With Transformers, Hasbro Morphs Its Toy-Movie Modelby
Toy giant Hasbro (HAS) used to bid against other toymakers for rights to sell toys based on hot movies. Now the tables are reversed, as some of the biggest movies this summer are coming right out of Hasbro's own toy chest.
Case in point, Transformers: Revenge of the Fallen, the latest installment of the Transformers franchise, which opens in theaters on June 24. Analysts believe the film from Paramount Pictures (VIA) and director Michael Bay could be even bigger than its 2007 predecessor, Transformers, which grossed $700 million worldwide at the box office. That movie also sold $480 million worth of toys for Hasbro, 13% of the company's overall sales in 2007.
There's more on the way. Hasbro has a movie based on its G.I. Joe toy line coming out on Aug. 7. The company has an April 2011 release for a movie version of its Stretch Armstrong figure. That is part of a six-picture deal the company has with Universal Studios (GE), which included a movie version of Monopoly. Meanwhile, archrival Mattel (MAT) is working on movie versions of Hot Wheels and Major Matt Mason.
Turning its own toy brands into movies has a lot of benefits for Hasbro. The company doesn't have to spend as much on toy marketing since the movie studio is already doing that to promote the film. In the case of summer movies, it also means the toymaker spreads its sales more evenly throughout the year. And Hasbro doesn't have to pay the fat licensing fees to filmmakers that made Star Wars creator George Lucas one of the company's largest shareholders. "I can't give you specifics," says Hasbro's chief executive, Brian Goldner, but "it is more profitable when we own the brand."
Since the original Transformers toy line and cartoon made their debut 25 years ago, the saga of cars, airplanes, and other devices that convert into battling robots has proven to have a wide, enduring (and for many people, surprising) appeal. Hasbro now has a large base of parents who are as familiar with the franchise as their kids. Michael Spector, a 37-year-old Web producer in Easton, Penn., has 600 Transformers action figures in his collection, so many it took a whole day to move them. He's planning on buying a few more of this year's versions, mostly on behalf of his 8-year-old son, T.J. "It's a bonding thing," Spector explains. "Who doesn't want to see robots beating the heck out of each other?"
Hasbro has borrowed heavily from its Star Wars experience in creating Transformers toys. There are $300 limited-edition robot sets for adult collectors, $22 action figures with lights and sound for younger kids, even $12 preschool robots. This year's Bumblebee Voice Mixer helmet, $40, looks suspiciously like a Darth Vadar toy Hasbro created under its Star Wars license. The $40 Plasma Cannon is a fatter version of a light saber.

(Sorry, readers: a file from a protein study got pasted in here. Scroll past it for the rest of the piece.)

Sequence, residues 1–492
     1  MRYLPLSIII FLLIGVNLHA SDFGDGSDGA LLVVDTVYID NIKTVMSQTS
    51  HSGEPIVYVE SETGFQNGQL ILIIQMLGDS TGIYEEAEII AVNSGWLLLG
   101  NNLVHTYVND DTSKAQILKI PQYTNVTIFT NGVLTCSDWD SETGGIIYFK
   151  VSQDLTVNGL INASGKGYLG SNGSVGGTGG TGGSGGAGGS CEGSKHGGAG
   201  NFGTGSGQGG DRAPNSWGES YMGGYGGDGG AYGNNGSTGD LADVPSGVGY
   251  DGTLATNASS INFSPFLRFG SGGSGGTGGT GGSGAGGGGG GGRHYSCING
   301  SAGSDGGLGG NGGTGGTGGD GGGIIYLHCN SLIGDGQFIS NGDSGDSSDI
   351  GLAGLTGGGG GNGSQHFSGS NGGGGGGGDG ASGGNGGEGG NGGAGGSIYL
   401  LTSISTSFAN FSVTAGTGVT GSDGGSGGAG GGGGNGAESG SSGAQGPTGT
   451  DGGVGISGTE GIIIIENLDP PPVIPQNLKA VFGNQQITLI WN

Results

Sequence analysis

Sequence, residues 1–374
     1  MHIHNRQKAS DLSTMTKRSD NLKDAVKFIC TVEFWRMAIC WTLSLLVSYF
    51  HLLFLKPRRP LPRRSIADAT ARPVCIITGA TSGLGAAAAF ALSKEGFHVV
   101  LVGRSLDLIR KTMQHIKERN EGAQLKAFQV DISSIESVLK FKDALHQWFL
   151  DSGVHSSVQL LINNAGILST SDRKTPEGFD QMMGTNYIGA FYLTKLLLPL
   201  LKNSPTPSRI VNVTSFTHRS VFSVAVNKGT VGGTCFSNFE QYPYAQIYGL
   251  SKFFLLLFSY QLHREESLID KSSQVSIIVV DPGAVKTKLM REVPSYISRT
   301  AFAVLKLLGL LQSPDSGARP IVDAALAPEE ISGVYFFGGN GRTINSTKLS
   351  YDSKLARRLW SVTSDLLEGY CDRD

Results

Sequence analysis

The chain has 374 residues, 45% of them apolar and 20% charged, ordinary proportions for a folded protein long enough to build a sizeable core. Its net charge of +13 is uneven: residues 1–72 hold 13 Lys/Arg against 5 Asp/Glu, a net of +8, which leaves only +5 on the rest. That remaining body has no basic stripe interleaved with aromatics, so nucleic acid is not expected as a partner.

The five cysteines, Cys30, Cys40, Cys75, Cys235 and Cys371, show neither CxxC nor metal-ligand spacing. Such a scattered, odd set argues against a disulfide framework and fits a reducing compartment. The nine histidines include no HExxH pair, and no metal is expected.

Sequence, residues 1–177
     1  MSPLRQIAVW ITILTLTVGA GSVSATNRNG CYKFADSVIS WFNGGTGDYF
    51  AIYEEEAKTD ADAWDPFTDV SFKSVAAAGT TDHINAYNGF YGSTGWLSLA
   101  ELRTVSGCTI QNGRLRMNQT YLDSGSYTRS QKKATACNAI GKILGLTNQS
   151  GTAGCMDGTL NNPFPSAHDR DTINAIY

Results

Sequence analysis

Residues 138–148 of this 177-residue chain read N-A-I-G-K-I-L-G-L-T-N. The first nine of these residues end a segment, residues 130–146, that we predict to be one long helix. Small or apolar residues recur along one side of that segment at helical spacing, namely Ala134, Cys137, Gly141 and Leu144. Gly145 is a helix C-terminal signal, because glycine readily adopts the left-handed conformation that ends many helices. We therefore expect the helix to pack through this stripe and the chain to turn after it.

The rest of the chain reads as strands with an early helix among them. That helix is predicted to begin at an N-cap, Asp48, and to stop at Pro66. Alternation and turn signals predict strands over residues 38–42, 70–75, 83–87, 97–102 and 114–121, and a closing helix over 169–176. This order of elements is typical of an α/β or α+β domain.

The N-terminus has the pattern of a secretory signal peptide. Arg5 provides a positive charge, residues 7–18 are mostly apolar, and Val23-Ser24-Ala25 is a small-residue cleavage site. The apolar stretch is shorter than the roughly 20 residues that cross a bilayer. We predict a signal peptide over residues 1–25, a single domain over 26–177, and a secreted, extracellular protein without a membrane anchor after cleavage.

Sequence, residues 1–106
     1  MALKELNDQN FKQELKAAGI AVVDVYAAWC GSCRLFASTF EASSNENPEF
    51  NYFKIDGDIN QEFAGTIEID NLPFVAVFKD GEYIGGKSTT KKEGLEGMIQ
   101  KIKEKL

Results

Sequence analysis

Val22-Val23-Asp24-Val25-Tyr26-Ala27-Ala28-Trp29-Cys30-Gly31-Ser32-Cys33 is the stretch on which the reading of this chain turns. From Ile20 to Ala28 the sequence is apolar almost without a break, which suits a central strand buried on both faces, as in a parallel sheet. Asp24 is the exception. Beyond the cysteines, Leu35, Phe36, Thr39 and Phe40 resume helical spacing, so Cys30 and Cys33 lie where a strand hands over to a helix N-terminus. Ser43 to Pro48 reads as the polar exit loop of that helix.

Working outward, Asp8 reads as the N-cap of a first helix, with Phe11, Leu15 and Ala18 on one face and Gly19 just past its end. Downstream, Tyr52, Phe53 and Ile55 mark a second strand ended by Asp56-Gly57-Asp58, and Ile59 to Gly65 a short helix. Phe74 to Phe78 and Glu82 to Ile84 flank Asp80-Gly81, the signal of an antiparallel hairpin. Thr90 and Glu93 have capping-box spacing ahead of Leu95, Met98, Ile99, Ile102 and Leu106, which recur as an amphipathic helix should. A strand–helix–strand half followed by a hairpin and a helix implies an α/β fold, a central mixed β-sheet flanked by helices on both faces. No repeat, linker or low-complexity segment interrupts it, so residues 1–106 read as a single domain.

Like Lucas, Hasbro has found ways to connect with its fans even in years when movies aren't released. BotCon, an annual conference for Transformers toy collectors, which Hasbro sponsors, just celebrated its 15th year. It drew a record 7,000 attendees to Pasadena, Calif., in early June. "It's fantasy," says Brian Savage, whose company organizes the shows. "People have to have something they enjoy."
Paramount paid the $200 million cost to produce the latest Transformers flick. But that doesn't mean Hasbro gets an entirely free ride. It must share some royalties for toys based on the movie with the studio and Bay. Hasbro also has to pay royalties to Takara Tomy (7867.T), the Japanese company that designed the original toys on which the Transformers are based.
Complicated Bad Guy
Hasbro does get a seat at the table in developing the script. This year's movie has three times as many characters as the first one—that means more toys. And there is a particularly complicated bad guy named Devastator, who is five bad guys in one. His toy retails for $99.
This year's movie involves more locations, jumping from the Middle East to China, which gives more kids a local connection to the brand. Hasbro coincidentally shifted from having independent distributors based in many countries such as China to having its own employees there distribute the toys to retailers. That means the manufacturer shares less of the profits. And retailers are expected to stock up this year. "The last time around, retailers underestimated demand and it was sold out for several months," says Sean McGowan, a toy analyst at Needham. "Hasbro will sell a lot more. More people are convinced it's a hot property."
The flurry of toy-based movies does raise the question of whether Hasbro is overdoing the tie-ins. A previous movie version of the board game Clue was a disappointment. "All this is cyclical," says Ira Mayer, publisher of The Licensing Letter, an industry trade publication. "You have one hit, there's a surge." Hasbro's Goldner says he's conscious of the risk of overkill. "We spend a lot of time working up front," he says. "We wouldn't bet into the business if we didn't feel it was a great story."